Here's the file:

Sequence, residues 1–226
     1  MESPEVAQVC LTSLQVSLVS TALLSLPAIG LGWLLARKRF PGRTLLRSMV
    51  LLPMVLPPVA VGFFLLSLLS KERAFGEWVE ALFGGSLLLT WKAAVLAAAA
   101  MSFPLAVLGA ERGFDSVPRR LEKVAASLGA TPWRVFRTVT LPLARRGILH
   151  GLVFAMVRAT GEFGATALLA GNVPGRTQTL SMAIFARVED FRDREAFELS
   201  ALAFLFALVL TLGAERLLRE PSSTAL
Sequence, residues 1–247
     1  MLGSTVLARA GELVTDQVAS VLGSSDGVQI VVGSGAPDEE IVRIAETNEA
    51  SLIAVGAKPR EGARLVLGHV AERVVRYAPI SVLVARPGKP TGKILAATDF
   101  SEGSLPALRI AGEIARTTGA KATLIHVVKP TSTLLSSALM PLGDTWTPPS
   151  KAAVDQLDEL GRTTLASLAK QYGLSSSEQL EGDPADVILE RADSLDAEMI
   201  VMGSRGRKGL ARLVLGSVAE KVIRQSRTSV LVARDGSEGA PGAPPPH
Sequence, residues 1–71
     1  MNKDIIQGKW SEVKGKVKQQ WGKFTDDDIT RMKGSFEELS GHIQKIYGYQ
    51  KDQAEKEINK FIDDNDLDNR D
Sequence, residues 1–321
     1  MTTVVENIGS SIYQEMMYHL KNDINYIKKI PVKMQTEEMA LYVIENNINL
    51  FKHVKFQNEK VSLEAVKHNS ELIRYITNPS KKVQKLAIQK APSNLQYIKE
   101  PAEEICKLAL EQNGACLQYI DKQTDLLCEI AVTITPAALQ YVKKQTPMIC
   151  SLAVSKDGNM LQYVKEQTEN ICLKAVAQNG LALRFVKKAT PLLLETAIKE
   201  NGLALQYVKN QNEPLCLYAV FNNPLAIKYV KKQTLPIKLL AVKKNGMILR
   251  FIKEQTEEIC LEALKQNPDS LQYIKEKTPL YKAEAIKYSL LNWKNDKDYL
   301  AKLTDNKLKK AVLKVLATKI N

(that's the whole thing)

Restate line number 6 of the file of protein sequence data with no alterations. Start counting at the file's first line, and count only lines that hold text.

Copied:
   201  ALAFLFALVL TLGAERLLRE PSSTAL